Some causes just have to be made

  • January 18, 2011
The beatification of Pope John Paul II on Divine Mercy Sunday this year has brought joy to both Catholics and non-Catholics the world over. At the same time, questions have been raised about the speed of the process, and whether there was a rush to judgment in this case.

Anticipating such questions, the Congregation for the Causes of Saints released a summary of the process last week, outlining that all the usual procedures were followed in John Paul’s case. The only difference was that Pope Benedict XVI gave permission for the process to begin in 2005, lifting the usual five-year waiting period. John Paul himself had done the same thing for Mother Teresa.

The point of the five-year waiting period is to ensure that there is a genuine, enduring devotion among the faithful to the potential candidate. In a few rare cases, the five-year period is unnecessary as such devotion was already present at the time of death.

Nonetheless, the Vatican was eager to insist that the widespread devotion to John Paul did not influence the process — the exhaustive documentation, the widespread testimony and the scrupulous examination of a miraculous healing on both medical and theological grounds. All of which is well and good, but it would be fair to ask why the popular devotion of the faithful should not be taken into account. The tradition of canonizing saints has its early roots in the popular acclamation of the faithful, and while the more rigourous procedures of the last centuries clearly prevent abuses, it is good to see the authentic voice of the faithful expressed. The plain fact is that the entire Church — from the Holy Father down to the lay faithful — had already made up her mind about John Paul’s sanctity by the time of his death. Indeed, one might say that taking six years to follow all the procedures was most cautious given the circumstances.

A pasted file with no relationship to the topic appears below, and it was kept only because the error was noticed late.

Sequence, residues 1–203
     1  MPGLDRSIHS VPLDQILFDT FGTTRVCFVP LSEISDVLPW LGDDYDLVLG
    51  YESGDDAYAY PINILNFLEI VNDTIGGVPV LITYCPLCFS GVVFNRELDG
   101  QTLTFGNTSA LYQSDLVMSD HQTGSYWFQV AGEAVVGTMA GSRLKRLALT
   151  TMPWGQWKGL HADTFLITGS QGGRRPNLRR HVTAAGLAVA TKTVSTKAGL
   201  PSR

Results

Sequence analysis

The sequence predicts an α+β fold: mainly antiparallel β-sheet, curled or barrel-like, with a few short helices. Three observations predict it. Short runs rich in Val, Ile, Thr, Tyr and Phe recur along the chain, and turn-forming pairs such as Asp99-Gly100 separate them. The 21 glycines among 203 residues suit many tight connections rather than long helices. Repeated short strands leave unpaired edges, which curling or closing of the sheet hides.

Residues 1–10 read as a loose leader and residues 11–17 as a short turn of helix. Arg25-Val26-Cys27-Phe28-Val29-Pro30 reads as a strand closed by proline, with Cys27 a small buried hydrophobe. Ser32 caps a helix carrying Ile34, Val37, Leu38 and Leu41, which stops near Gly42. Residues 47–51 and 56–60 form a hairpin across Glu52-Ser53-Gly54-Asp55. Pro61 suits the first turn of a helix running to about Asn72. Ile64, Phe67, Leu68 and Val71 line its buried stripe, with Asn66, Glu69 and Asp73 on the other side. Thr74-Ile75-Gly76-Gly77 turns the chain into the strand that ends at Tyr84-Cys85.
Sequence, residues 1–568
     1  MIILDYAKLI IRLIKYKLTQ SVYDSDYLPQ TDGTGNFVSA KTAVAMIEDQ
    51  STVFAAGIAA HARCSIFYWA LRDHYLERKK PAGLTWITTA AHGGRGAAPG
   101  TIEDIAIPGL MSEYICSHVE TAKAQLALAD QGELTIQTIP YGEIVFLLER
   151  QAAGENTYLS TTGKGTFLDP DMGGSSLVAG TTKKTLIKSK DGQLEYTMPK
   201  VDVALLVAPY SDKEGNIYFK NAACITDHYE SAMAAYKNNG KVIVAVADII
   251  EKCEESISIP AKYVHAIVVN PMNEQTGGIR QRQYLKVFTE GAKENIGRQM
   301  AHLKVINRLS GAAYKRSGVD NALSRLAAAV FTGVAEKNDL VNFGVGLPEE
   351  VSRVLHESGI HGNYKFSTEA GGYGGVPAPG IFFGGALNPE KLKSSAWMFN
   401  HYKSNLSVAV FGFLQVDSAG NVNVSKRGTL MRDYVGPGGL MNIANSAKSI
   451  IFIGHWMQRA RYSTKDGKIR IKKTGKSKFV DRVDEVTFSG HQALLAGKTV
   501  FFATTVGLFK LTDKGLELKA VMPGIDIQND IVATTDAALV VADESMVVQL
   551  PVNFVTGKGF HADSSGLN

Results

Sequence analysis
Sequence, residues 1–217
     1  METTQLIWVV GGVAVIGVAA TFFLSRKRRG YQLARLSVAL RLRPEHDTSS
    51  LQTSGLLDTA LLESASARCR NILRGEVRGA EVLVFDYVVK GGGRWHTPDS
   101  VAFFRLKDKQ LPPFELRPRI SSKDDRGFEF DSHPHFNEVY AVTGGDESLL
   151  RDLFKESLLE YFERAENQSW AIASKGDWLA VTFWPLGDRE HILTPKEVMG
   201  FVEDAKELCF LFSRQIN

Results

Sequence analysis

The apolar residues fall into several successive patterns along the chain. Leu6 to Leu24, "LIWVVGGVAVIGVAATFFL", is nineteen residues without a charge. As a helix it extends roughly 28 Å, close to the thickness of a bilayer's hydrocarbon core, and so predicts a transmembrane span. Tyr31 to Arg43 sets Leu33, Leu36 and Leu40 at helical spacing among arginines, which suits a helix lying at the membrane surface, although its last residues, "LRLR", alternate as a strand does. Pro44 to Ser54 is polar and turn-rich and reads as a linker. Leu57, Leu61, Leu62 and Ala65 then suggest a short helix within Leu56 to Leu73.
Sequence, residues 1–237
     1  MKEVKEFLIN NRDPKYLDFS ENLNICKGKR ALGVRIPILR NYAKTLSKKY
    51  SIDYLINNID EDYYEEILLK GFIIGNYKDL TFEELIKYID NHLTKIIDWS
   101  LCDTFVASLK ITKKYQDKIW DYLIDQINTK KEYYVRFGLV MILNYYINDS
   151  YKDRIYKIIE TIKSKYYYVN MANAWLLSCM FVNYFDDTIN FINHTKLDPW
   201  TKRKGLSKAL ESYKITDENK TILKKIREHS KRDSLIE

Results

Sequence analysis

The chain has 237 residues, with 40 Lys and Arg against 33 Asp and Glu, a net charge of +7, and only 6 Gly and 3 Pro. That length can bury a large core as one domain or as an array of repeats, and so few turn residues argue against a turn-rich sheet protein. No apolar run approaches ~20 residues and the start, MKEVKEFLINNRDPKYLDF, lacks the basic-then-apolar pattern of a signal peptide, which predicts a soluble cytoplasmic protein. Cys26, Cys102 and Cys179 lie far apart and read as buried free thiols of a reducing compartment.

Popular acclaim does not always coincide with canonization. There are plenty of canonizations of saints truly obscure, with a devotion limited to fellow members of a religious community. Then there are those who, despite widespread devotion, take a leisurely path to the altars, such as the recently beatified Cardinal John Henry Newman. So it is to be celebrated when the formal judgment of the Church coincides with the popular acclaim of the faithful, especially so soon after the entrance of the new saint to heaven.

I remember a visit to Rome in the spring of 2002 by Fr. Richard McBrien, the longtime dissenting theologian from Notre Dame. He was flogging his latest book, and came to chat with a few journalists. The latest papal outrage disturbing McBrien’s peace was the announcement that Padre Pio and Juan Diego would both be canonized that year. McBrien thought more popular saints should be chosen, and he had his own candidate, Blessed John XXIII — or at least John XXIII as Dick McBrien imagined him. I challenged him on his own grounds. The most popular pilgrimage places in the Christian world are San Giovanni Rotondo, where Padre Pio is buried, and Guadalupe, where Juan Diego received the apparition of Our Lady. To his credit, Fr. McBrien conceded that popular acclaim did not neatly coincide with his liberal agenda.

Indeed, the temptation to see the canonization of saints as part of any agenda other than holiness should be resisted. A beatification is an occasion of joy because holiness is a cause for joy. Other considerations should remain secondary.

But worldly agendas do intrude. St. Robert Bellarmine, who died in 1621, had his canonization delayed until after the Lateran Treaty of 1929 conceded the loss of the papal states. (Bellarmine had argued that they were not necessary, a difficulty when the Vatican argued the opposite position.) Pope Paul VI wisely decided not to advance the causes of the martyrs of the Spanish Civil War while General Franco was still in power. The beatification of Pope Pius IX waited for over a century until the controversies over Italian reunification had died down. And most recently, Benedict XVI himself ordered two years of further studies to be done before he declared Pope Pius XII to be “venerable” in 2009.

Fortunately, in the case of John Paul, controversies are minor as against the immensity of his impact on the Church and the world. During the Great Jubilee, John Paul said that the history of Church is the history of holiness. To that history he contributed a mighty chapter.

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